This contains similar hormones to the combined pill and works in the same way. A ‘one size fits all’ ring is inserted into the vagina and stays in place for three weeks. During that time, it slowly releases hormones that pass from the vagina into the bloodstream. It’s then removed and a new ring is inserted a week later.

Mini pill
This contains only a synthetic form of the hormone progesterone. It makes the cervical mucus thicker, which prevents sperm from entering the uterus. The mini pill must be taken every day at the same time and is not as effective as the combined pill. It’s usually suitable for women who either experience side effects from oestrogen or shouldn’t take it for health reasons.

Hormonal contraceptives – implants and injections
Hormonal contraceptives for women are also available as implants and injections. These methods are more effective than other hormonal methods, but may produce side effects and don’t protect against STIs.

This is a hormone implant that is inserted under the skin at the inner side of the upper arm. It contains etonogestrel, a progesterone-like hormone that prevents ovulation and hinders sperm from entering the cervix by changing cervical mucus. The device is inserted by a doctor under local anaesthetic.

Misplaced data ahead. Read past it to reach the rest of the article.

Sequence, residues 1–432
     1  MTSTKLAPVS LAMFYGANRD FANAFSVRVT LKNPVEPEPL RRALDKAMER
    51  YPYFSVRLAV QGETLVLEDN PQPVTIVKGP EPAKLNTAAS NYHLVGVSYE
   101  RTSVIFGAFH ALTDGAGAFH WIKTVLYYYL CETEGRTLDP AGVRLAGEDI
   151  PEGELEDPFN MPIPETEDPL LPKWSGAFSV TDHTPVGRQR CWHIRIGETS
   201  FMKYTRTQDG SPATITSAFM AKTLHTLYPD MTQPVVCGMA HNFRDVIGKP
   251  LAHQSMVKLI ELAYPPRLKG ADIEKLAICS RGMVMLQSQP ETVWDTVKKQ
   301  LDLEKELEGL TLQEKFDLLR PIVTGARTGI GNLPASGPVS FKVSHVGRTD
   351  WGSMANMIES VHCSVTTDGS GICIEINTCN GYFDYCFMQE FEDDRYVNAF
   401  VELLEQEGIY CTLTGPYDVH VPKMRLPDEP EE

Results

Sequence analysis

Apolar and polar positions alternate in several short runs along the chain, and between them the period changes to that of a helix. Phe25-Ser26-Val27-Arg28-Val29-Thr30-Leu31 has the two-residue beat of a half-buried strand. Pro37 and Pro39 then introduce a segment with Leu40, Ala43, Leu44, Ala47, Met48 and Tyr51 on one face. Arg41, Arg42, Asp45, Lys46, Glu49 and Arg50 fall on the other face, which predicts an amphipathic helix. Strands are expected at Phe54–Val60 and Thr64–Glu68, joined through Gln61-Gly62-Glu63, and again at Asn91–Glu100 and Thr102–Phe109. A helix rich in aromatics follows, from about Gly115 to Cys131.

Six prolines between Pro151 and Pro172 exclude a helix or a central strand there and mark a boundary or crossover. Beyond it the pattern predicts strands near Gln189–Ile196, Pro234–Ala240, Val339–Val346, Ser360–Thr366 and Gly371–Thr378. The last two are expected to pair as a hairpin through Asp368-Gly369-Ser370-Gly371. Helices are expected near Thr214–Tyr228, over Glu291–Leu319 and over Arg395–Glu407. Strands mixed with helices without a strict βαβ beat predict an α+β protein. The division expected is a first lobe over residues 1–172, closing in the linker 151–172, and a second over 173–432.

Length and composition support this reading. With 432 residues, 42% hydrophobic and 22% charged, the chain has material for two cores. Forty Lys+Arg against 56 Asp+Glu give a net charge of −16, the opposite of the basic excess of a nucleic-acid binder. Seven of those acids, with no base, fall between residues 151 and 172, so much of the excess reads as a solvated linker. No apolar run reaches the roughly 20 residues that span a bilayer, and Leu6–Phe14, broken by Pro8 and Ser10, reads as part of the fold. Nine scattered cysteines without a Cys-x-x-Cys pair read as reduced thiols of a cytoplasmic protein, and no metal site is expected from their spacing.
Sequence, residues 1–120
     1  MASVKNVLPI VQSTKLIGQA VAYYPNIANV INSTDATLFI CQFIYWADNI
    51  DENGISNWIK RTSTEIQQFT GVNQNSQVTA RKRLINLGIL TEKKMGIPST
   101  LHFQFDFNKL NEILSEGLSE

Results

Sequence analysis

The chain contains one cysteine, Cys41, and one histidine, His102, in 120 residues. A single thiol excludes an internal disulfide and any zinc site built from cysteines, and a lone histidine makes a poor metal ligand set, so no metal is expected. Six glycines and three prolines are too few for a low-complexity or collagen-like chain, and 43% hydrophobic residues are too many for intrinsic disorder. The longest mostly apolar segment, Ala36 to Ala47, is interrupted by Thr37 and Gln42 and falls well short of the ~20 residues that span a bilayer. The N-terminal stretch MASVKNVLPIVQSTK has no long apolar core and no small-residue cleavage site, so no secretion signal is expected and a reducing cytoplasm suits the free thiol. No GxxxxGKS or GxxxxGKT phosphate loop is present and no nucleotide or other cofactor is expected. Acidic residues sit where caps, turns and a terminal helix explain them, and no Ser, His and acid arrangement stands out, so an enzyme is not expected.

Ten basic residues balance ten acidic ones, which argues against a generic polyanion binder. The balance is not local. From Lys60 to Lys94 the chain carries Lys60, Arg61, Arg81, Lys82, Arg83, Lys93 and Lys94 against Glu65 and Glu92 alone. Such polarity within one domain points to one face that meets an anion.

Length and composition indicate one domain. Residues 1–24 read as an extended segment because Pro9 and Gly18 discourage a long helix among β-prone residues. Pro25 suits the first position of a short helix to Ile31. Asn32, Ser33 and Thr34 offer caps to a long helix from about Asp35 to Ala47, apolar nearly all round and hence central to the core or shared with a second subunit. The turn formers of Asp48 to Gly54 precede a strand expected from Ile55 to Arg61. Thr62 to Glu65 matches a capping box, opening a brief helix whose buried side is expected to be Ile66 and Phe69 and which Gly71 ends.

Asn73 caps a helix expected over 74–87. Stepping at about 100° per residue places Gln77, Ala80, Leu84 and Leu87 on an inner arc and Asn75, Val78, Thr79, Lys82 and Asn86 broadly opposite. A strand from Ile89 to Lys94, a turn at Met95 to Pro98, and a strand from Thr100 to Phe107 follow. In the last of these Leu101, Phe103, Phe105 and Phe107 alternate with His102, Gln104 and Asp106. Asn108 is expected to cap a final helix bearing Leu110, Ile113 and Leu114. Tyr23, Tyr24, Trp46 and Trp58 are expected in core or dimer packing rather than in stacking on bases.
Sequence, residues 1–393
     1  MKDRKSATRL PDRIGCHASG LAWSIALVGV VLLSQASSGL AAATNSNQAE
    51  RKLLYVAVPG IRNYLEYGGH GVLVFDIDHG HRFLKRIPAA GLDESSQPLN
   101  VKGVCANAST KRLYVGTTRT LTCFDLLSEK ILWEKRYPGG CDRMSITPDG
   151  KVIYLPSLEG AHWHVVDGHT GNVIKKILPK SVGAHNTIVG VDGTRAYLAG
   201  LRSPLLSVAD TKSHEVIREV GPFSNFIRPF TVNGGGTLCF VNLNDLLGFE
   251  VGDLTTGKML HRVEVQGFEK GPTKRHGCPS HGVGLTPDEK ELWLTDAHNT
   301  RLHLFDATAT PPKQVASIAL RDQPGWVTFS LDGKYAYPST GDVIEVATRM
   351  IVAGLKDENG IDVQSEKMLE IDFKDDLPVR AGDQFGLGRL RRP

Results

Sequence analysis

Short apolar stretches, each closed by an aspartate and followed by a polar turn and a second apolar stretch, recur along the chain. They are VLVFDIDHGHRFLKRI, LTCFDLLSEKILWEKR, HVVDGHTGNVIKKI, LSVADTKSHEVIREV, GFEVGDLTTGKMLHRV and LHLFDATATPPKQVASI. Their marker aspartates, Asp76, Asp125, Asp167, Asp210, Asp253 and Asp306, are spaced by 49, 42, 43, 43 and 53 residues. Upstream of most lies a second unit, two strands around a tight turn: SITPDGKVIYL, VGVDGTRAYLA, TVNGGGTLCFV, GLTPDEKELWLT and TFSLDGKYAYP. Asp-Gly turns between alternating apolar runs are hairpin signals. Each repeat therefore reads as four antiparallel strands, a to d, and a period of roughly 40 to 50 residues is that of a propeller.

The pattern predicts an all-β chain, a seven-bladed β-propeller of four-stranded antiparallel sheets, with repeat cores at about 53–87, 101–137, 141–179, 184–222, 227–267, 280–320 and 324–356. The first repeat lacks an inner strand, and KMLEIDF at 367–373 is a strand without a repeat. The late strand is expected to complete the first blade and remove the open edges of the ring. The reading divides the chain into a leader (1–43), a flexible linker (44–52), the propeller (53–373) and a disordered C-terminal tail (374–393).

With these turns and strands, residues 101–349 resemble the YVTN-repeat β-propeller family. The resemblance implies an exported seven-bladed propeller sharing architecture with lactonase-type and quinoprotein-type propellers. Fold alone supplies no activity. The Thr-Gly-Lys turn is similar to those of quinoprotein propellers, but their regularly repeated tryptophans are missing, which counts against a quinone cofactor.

DPMA injections (Depo-Provera/Depo-Ralovera)
These are long-acting (12 to 14 weeks) injectable contraceptives containing the hormone progestogen. They prevent ovulation, block sperm by thickening the mucus made by the cervix and cause changes in the lining of the uterus to make it unsuitable for a fertilised egg to stick. DPMA injections are highly effective and provide a very private method of contraception.

This involves blocking sperm by cutting the tubes they pass through from the testes to the penis.

Emergency contraception
Sometimes it is necessary to prevent pregnancy after sex, rather than before: for example, when a pill is forgotten or a condom breaks Emergency contraception, also known as the ‘morning after pill’, is a hormonal method of contraception that prevents or delays ovulation in that cycle. It may also stop a fertilised egg from sticking to the wall of the uterus.
There are different types of emergency contraception available. The most commonly used form, a single pill containing the hormone progestogen, can be prescribed by a doctor. Emergency contraception is best used within 72 hours of unprotected sex – the sooner within the 72 hours it is taken, the more effective it is. It can be taken up to 120 hours after unprotected sex, but will be less effective.

Natural methods
Natural family planning is based on an understanding of the menstrual cycle. Methods include monitoring cervical mucus changes, body temperature changes and rhythm or cycle calculations to help determine when a woman is most likely to be fertile each month.

The effectiveness of natural family planning varies in relation to whether one or a combination of methods is used. Confidence, correct use and effectiveness improve the longer the method is used. Natural family planning methods, however, do not protect against STIs.